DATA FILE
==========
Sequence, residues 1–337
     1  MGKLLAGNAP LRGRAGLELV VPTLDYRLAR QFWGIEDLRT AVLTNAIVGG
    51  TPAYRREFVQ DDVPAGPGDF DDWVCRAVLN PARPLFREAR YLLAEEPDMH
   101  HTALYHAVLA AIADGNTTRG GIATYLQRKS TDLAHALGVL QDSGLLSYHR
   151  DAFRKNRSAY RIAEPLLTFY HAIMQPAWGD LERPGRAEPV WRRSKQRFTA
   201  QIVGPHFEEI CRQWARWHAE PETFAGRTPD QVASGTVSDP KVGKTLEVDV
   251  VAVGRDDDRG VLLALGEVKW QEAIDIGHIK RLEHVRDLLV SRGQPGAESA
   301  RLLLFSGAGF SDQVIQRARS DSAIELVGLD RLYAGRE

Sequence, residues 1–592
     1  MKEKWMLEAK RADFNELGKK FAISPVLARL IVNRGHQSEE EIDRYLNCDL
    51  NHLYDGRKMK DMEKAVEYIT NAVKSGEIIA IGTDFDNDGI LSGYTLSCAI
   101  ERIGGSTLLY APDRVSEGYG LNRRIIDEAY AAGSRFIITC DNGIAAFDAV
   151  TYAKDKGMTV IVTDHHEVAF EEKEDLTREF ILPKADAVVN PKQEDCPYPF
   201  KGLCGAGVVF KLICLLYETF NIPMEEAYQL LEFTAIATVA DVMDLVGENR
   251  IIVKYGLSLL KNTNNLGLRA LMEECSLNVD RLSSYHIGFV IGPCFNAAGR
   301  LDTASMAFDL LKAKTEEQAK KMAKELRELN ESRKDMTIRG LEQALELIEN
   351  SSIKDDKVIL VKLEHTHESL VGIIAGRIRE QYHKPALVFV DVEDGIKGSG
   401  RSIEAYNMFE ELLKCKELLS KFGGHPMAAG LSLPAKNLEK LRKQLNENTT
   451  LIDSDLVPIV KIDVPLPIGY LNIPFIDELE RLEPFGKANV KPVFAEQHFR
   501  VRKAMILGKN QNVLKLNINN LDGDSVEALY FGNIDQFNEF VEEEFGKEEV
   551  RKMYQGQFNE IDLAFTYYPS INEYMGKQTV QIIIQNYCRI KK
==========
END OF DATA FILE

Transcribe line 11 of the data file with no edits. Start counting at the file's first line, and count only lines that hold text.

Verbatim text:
    51  NHLYDGRKMK DMEKAVEYIT NAVKSGEIIA IGTDFDNDGI LSGYTLSCAI